While the Geneva Initiative is often referenced by diplomats, it has no official standing.
On Tuesday, Beilin and Geneva Initiative Israel director-general Gadi Baltiansky announced the publication of a much more detailed version covering 13 topics, such was Jerusalem, refugees, security, water and the Palestinian economy.
“If you want to resolve the conflict, here is the recipe,” Baltiansky said as he held up a 400-page book that details the new and old aspects of the plan.
He and Beilin presented that book to President Shimon Peres on Tuesday evening. A copy has been sent to US Secretary of State Hillary Clinton and it will also be dispatched to other senior officials of the Middle East Quartet as well as leading politicians in Europe.
200,000 West Bank settlers could remain in their homes. Israel would retain most of the large settlements blocs, but not Ariel.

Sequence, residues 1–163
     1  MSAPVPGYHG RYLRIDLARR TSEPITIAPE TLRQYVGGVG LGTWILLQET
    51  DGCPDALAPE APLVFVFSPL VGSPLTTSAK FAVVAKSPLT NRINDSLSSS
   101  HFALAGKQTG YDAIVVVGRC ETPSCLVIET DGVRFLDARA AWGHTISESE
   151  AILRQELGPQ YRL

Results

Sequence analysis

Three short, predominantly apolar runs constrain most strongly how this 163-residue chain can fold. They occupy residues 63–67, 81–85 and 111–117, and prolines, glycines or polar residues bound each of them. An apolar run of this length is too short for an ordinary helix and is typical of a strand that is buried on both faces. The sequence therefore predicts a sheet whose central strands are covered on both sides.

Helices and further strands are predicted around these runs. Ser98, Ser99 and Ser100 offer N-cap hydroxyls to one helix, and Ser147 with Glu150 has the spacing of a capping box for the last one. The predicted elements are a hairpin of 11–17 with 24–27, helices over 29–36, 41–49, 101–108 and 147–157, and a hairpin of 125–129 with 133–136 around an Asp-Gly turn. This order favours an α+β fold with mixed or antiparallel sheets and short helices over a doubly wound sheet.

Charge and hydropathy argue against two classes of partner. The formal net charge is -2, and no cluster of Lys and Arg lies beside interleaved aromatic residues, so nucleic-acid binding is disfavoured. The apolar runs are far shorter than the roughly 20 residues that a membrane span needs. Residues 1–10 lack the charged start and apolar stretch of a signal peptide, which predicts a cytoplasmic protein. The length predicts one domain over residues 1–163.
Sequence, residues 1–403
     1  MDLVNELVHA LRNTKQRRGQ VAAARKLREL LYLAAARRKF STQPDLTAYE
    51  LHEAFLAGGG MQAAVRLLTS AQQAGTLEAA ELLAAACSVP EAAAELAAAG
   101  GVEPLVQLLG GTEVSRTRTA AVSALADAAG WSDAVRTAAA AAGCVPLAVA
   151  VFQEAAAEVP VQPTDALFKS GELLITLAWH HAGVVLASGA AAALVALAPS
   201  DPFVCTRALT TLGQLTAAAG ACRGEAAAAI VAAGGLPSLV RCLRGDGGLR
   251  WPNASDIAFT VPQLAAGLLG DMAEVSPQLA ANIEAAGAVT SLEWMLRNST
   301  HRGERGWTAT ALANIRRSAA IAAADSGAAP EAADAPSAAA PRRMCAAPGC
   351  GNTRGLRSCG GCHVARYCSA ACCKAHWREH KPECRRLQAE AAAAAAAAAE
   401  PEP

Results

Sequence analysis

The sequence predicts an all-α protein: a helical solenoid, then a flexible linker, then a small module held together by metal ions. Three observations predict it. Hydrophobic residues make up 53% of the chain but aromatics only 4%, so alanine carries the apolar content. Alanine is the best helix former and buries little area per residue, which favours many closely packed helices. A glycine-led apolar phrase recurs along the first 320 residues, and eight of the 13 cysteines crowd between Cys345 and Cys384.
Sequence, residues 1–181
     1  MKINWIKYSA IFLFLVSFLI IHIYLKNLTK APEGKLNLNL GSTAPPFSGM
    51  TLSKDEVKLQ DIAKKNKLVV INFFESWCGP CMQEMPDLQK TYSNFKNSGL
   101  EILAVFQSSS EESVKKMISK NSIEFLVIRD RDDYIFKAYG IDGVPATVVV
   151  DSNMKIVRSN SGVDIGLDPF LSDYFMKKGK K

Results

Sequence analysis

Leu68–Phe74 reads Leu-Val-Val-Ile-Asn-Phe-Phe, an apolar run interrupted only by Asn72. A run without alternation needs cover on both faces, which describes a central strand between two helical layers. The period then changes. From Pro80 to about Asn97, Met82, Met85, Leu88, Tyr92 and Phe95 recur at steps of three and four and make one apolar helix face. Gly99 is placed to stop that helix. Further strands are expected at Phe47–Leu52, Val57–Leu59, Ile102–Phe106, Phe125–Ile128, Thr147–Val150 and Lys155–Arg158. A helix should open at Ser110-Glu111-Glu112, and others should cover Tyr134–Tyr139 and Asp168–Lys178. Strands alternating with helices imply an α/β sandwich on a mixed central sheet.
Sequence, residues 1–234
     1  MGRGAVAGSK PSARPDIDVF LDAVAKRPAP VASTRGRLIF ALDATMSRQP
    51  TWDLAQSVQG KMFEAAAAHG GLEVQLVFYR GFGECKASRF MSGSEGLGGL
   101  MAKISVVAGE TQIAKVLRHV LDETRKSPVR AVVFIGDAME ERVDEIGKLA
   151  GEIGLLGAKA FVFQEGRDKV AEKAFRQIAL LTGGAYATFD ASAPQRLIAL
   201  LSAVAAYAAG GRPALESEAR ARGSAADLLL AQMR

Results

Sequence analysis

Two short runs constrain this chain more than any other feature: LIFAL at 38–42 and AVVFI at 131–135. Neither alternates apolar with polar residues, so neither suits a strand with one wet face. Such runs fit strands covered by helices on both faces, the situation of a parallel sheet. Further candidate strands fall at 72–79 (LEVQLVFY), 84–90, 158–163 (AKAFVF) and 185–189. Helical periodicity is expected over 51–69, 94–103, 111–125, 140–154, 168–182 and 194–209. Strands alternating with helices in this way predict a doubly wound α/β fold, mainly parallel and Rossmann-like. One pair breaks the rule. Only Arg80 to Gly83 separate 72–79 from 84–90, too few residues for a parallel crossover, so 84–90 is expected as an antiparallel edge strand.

Jerusalem would be divided and border terminals would need to be built in the city. A major Jerusalem thoroughfare would stretch between the two states, with a wall in the middle.
The plan calls for a Palestinian state with no army, but with a strong security force. An international force, posted on the Temple Mount, would mediate between the two sides and protect the Palestinian state.
The plan calls for a transportation corridor linking Palestinian areas of the West Bank with the Gaza Strip.
Shared water resources would be redistributed. Both sides would have to commit to improving the environment and to righting past injustices in that arena.
A solution to the refugee issue is still being worked on.